On the ‘Marketplace of Ideas’ theoutline.com

Paris Martineau, the Outline:

Years of outbursts from hate group after hate group have forced these companies to realize that the laissez-faire attitude they’ve leaned on for so long doesn’t actually work, but rather, makes the entire thing rot from the inside. But the fact that platforms won’t fully commit to managing the content that people spew on these platforms leaves a vacuum of confusion and hypotheticals, which generally (like all things nowadays) lead to conspiracies and misinformation.

In all this time, no company has actually tried totally depriving bad ideas of oxygen. Trust me, this is a sentence I never thought I’d say, but in times like these, Twitter (and the tech world as a whole, really) could learn a thing or two from Medium.

Part of the reason that the marketplace of ideas often fails to return more intelligent and ethically cognizant discussions is because it is subsidizing sensationalism.

I also think one aspect of Twitter’s hesitance to ban nazis and other contemptible parties that is often ignored is that this is, in part, a side effect of the company being based in the United States, and run by ambassadors for that country’s extraordinarily permissive free speech laws. I recognize that I’m treading between broken glass here with some of my American readers, in particular, but it’s worth recognizing that unrestricted speech in all its forms is a uniquely American concept. Other developed nations also have a marketplace of ideas, but with restrictions — as in the marketplace of goods and services.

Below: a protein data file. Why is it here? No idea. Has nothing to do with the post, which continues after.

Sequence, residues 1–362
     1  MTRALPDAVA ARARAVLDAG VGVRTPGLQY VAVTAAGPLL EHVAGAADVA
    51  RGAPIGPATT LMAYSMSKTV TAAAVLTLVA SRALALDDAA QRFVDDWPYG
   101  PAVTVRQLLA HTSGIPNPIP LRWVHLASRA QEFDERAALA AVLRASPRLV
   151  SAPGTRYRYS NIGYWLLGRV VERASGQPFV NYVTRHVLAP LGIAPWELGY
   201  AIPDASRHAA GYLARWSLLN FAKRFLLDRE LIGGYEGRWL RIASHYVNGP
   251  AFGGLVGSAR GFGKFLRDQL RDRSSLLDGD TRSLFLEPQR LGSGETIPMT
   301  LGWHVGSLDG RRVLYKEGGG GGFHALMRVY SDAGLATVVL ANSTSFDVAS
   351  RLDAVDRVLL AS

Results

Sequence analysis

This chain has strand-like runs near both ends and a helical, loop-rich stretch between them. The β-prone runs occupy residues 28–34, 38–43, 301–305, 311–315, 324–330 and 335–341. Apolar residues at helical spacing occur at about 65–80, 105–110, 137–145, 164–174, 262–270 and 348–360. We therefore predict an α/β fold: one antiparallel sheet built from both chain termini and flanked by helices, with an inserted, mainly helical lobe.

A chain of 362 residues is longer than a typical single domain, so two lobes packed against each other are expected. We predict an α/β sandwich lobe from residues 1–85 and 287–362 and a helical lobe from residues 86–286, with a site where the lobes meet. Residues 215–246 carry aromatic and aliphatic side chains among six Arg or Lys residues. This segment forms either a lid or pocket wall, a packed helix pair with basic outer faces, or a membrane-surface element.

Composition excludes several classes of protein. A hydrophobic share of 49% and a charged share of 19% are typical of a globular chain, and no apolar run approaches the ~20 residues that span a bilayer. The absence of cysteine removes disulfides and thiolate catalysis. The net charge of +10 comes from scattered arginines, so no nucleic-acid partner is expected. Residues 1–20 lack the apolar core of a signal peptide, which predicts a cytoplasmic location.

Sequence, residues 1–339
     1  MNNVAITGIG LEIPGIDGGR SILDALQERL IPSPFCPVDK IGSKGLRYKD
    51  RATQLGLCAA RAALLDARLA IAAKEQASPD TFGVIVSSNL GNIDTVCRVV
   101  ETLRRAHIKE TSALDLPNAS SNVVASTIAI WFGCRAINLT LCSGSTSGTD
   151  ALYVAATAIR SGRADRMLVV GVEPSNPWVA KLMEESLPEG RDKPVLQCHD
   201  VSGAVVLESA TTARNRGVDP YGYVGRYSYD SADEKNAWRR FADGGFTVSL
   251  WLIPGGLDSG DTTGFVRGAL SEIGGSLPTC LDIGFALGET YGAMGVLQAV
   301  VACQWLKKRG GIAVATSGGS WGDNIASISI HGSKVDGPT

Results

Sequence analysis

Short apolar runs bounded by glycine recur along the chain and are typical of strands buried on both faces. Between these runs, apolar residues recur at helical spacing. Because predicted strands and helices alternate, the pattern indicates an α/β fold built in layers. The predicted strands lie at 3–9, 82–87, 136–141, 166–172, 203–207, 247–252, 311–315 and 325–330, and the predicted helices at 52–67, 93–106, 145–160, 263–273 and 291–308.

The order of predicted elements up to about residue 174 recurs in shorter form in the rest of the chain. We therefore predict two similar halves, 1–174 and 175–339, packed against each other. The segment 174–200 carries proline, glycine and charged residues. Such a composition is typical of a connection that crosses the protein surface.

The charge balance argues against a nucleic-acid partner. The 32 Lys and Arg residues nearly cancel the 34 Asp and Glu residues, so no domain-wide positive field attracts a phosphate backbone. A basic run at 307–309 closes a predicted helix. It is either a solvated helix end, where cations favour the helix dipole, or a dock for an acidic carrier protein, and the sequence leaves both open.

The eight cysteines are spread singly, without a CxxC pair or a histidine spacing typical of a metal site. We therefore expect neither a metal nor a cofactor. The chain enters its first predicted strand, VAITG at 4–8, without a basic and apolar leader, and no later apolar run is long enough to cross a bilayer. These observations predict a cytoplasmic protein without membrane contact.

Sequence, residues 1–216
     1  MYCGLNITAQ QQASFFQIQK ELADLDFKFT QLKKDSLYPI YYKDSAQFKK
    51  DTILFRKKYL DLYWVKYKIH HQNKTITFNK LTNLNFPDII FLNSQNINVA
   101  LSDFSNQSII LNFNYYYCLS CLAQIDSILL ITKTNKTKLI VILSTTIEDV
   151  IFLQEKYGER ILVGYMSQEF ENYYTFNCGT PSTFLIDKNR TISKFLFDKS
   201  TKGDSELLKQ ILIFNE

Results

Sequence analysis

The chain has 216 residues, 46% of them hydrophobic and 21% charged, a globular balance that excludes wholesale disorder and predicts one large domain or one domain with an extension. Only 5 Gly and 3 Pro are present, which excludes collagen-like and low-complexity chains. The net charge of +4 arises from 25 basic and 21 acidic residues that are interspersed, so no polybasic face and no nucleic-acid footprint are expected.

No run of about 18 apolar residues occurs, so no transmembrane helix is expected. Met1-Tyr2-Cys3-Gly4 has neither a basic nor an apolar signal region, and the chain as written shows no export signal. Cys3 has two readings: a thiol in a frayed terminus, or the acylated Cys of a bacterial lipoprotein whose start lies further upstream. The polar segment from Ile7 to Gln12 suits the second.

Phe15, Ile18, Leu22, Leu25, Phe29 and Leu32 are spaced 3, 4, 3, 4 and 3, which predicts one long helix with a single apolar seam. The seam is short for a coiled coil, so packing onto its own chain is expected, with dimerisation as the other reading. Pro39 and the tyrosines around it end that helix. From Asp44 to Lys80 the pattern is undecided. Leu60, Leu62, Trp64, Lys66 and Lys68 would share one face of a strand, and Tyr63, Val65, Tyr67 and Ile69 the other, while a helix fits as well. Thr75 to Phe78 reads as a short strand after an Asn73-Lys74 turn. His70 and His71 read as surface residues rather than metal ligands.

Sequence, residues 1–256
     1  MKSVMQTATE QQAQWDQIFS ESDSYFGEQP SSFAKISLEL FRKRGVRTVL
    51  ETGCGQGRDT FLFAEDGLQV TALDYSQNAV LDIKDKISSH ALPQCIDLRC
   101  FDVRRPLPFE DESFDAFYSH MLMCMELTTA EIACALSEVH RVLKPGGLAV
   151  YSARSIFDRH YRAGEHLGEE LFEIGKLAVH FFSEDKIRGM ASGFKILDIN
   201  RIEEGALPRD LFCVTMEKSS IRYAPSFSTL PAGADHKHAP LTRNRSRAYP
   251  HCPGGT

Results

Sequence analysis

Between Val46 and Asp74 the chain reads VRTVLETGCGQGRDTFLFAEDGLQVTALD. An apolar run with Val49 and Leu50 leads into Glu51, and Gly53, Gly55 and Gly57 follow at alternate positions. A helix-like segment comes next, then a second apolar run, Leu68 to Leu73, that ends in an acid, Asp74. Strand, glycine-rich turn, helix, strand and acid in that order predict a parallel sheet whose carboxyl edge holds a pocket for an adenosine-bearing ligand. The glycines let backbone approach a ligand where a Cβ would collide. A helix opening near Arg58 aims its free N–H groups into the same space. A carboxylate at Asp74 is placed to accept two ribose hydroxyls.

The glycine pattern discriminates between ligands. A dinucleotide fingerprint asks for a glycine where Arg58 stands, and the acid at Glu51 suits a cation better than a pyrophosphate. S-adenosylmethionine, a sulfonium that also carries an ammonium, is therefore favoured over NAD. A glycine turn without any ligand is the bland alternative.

Something that is perhaps most notable about social platforms like Twitter is how they have packaged and exported the First Amendment. But the weird thing is that they don’t have to do that: they’re a private company, and they can make their own rules as they see fit. Martineau’s piece is a wise argument in favour of this.

The cynical part of me thinks that Twitter’s staunch adherence to and promotion of extremely permissive free speech is not a conscious philosophy, but simply a convenient way to avoid having to invest in moderating it.